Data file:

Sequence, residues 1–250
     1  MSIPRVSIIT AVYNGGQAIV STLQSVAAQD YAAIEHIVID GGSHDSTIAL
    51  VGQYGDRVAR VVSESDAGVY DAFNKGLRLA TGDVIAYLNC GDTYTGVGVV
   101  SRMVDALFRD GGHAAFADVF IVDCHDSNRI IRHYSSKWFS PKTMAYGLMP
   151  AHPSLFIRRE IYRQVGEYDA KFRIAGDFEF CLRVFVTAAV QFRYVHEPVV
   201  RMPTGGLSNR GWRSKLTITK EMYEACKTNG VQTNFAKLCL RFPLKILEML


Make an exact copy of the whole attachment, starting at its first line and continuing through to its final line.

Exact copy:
Sequence, residues 1–250
     1  MSIPRVSIIT AVYNGGQAIV STLQSVAAQD YAAIEHIVID GGSHDSTIAL
    51  VGQYGDRVAR VVSESDAGVY DAFNKGLRLA TGDVIAYLNC GDTYTGVGVV
   101  SRMVDALFRD GGHAAFADVF IVDCHDSNRI IRHYSSKWFS PKTMAYGLMP
   151  AHPSLFIRRE IYRQVGEYDA KFRIAGDFEF CLRVFVTAAV QFRYVHEPVV
   201  RMPTGGLSNR GWRSKLTITK EMYEACKTNG VQTNFAKLCL RFPLKILEML